Chapter 3

I was moved to see my son go to bed with his new hand-me-down shoes from his real life hero. He has an appreciation for gifts. Whatever it may be, it is a guarantee, he will be sleeping beside it at night. As I watched him sleep, listening to his rhythmic breathing, such a tiny being with a grandiose future, I began to reflect. Have I forgotten what it is like to be able to close my eyes and to enter into a place of absolute mystery? To not think about the struggles, the pressures, the demands, or the plans of tomorrow? To embrace the actual moment of the now. To relinquish fear? Fear of what? Failure? Disappointment? Success? Approval? I used to believe in the Sandman. I was excited to go to bed because the Sandman would be coming shortly to give me a dream. Perhaps it was my fascination of the 1950’s at such a young age. Buddy Holly, Richie Valens, Elvis Presley, and Nancy Sinatra, though she was more 60’s, there was a magic to the 50’s. I remember in my early twenties asking my neighbor Fred what era he liked the most. He said, “The 50’s.” As he said it, he left me alone for a moment in his living room. Though he was there sitting across from me, his eyes told me otherwise. He was there, somewhere in the newly development place of newness and excitement and romanticism of 1950. His mouth gave way to a side grin as he reminisced somewhere in the depths of his core. Then he came back. Looked at his hands holding a mass of broken dreams and images of deceased and elderly printed in time, stamped images frozen on black and white photographs. Reality. “This is not the Fifties anymore, little girl, this is a dark day in age.”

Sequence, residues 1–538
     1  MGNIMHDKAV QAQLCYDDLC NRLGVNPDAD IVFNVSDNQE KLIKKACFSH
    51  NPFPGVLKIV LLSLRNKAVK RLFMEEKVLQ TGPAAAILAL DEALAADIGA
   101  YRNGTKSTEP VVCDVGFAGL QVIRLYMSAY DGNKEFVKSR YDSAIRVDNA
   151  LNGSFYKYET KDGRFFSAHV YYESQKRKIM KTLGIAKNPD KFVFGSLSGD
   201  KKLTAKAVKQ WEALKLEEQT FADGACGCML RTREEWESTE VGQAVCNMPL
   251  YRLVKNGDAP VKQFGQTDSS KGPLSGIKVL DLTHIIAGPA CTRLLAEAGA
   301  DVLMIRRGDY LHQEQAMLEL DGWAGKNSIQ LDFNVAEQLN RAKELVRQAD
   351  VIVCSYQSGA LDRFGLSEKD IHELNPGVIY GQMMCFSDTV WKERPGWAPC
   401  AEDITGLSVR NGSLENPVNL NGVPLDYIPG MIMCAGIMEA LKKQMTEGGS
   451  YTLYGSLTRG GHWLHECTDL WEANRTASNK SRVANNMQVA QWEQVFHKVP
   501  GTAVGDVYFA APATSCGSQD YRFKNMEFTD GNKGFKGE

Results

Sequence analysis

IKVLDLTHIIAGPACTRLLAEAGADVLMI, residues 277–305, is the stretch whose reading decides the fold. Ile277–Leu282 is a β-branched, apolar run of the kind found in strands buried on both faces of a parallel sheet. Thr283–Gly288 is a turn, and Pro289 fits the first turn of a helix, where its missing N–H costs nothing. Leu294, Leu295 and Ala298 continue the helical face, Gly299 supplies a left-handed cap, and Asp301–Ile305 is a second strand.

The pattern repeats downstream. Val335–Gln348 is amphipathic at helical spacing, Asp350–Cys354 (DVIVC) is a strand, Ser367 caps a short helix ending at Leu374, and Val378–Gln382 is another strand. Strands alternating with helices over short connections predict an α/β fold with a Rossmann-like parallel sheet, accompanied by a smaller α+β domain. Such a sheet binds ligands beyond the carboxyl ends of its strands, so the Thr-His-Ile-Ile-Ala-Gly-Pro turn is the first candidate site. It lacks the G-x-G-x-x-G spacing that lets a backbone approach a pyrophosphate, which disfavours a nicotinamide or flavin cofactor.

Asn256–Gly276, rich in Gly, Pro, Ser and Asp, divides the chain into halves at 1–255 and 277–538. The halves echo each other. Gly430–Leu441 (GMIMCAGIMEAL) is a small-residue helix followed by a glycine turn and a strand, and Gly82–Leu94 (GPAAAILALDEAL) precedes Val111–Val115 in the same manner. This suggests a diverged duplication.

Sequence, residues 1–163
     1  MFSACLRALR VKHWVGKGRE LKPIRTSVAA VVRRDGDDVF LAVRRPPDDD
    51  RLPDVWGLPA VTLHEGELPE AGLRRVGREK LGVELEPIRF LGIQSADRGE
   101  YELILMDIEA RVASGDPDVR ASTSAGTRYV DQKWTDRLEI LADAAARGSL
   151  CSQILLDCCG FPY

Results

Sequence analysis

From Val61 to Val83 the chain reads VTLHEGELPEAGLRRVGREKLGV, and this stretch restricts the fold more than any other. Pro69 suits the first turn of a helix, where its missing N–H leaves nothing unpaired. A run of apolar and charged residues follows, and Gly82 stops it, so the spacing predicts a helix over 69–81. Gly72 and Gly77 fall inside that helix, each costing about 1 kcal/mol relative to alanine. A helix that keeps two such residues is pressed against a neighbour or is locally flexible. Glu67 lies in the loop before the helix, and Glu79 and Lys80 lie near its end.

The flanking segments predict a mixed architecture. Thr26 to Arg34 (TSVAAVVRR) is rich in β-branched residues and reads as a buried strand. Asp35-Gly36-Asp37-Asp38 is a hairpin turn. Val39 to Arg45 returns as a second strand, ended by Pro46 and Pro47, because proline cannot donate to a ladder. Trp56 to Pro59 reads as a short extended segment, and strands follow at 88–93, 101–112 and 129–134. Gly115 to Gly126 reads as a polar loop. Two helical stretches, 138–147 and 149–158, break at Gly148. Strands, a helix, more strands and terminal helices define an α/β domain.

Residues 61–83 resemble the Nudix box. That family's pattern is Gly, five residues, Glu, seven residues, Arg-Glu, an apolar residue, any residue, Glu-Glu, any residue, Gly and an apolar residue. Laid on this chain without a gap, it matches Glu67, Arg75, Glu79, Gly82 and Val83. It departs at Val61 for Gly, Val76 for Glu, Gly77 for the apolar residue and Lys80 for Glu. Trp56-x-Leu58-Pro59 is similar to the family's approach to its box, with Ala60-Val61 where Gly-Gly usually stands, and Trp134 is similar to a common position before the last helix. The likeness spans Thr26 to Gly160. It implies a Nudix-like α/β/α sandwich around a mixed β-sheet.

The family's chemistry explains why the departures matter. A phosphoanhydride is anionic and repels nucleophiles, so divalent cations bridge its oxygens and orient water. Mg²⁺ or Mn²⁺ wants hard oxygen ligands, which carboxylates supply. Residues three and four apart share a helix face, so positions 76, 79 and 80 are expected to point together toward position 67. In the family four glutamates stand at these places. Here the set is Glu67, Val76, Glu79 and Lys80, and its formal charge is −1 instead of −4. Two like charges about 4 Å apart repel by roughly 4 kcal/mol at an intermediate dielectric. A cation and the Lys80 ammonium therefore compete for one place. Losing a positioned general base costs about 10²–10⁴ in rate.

There is something distilling with sleep, with watching one sleep. It is a glimpse of the invulnerable, vulnerable and the disturbed, undisturbed. It is a place for the unrest to rest and an opportunity for the one who won’t dream to dream.